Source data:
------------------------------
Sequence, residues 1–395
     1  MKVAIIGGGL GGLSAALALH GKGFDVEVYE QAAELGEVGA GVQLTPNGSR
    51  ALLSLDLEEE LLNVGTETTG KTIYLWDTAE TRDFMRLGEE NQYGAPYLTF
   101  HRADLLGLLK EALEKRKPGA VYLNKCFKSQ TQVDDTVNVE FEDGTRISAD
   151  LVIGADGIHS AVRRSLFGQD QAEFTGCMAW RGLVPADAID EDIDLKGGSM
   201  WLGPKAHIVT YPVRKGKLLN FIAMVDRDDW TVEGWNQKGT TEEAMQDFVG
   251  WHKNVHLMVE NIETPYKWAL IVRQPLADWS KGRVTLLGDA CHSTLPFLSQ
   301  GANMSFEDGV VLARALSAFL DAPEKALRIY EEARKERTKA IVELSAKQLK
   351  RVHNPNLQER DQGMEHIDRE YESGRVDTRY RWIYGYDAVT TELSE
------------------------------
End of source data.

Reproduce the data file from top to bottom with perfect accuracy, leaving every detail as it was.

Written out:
Sequence, residues 1–395
     1  MKVAIIGGGL GGLSAALALH GKGFDVEVYE QAAELGEVGA GVQLTPNGSR
    51  ALLSLDLEEE LLNVGTETTG KTIYLWDTAE TRDFMRLGEE NQYGAPYLTF
   101  HRADLLGLLK EALEKRKPGA VYLNKCFKSQ TQVDDTVNVE FEDGTRISAD
   151  LVIGADGIHS AVRRSLFGQD QAEFTGCMAW RGLVPADAID EDIDLKGGSM
   201  WLGPKAHIVT YPVRKGKLLN FIAMVDRDDW TVEGWNQKGT TEEAMQDFVG
   251  WHKNVHLMVE NIETPYKWAL IVRQPLADWS KGRVTLLGDA CHSTLPFLSQ
   301  GANMSFEDGV VLARALSAFL DAPEKALRIY EEARKERTKA IVELSAKQLK
   351  RVHNPNLQER DQGMEHIDRE YESGRVDTRY RWIYGYDAVT TELSE